As we are aware in the United States, in any number of media (film, literature, music, dance), the swan is a symbol of peace and tranquility. What we maybe aren’t aware of, however, is that swans are closely associated with many Native American peoples. It is actually connected to one of the most sacred mysteries of the Lakota/Dakota religion, in which the swan acts as a messenger of faith.
In England, the swan is a symbol of loyalty and strength. Swan is a royal bird and it is even illegal to kill a swan in the United Kingdom. Swans are present in many European fairy tales, symbolizing chastity (partly because of their white plumage), artistry, and beauty. On a related note, swans are associated with fidelity, loyalty in marriage, and monogamy, because they mate for life. Man’s connection with swans goes back further than European fairy tales, however.
The swan was seen as a traditional symbol of beauty and grace in ancient Greece, and was sacred to Aphrodite. The swan was also sacred to Apollo, the god of music (among other things), in Greek mythology. At the time, the people believed that the swan sang a sweet and beautiful song when people died. The swan song was supposed to be the most beautiful song the bird had ever sung, since swans aren’t known for their singing.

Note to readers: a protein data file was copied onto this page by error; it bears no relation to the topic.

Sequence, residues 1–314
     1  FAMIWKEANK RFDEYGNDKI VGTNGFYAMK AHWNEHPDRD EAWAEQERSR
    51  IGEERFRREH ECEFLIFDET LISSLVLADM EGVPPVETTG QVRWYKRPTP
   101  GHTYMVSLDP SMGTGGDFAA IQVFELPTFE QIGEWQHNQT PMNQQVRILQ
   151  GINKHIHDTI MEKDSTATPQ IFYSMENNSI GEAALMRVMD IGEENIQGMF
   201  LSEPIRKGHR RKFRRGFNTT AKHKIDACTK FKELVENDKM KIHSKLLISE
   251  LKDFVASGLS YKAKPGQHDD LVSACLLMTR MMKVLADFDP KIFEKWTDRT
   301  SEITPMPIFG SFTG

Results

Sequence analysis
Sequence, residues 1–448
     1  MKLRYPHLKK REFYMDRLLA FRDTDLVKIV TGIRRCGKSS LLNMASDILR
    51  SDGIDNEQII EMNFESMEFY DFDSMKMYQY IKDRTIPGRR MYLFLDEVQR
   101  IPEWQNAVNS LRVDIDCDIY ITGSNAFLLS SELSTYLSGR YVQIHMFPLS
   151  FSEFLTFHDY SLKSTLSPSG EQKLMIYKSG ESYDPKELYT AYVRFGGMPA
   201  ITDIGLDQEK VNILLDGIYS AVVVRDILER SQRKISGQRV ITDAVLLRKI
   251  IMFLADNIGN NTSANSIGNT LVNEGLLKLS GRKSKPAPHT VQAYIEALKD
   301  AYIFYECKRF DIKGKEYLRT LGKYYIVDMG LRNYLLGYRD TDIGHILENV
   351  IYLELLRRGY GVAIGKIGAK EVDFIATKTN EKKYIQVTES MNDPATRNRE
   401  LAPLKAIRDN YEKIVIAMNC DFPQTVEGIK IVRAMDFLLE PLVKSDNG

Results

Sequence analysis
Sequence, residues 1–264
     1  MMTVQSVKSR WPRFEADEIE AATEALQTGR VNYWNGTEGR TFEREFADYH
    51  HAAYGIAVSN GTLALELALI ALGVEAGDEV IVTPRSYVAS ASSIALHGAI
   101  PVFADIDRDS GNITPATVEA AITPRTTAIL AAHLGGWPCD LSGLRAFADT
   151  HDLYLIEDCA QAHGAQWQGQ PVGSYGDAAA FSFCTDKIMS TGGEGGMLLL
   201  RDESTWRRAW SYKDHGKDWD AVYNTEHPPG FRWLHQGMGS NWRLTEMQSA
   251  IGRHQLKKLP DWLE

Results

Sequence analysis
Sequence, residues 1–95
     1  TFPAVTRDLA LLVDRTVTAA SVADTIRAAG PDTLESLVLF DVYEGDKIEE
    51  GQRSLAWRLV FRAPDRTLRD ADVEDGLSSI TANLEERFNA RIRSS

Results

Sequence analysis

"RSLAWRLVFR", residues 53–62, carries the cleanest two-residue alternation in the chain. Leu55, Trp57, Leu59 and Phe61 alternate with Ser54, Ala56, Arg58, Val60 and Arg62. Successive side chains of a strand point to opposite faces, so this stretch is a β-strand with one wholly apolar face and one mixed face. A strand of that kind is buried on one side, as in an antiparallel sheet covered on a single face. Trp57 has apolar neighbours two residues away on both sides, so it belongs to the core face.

The swan is one of the most powerful and ancient totems. Even the word swan is one of the oldest names in the English language, coming from the Anglo-Saxons. Most of swan’s associations come from its appearance—it is a graceful, white bird, and the largest of the waterfowl. But swans are also powerful birds. From this, they reflect the power and longevity that is possible when we awaken to the power and beauty within ourselves. Swan is not only a widely known symbol, but also a very personal one to the individual.
Information from Ted Andrews's Animal-Speak, Jessica Dawn Palmer's Animal Wisdom, and Steven D. Farmer's Power Animals.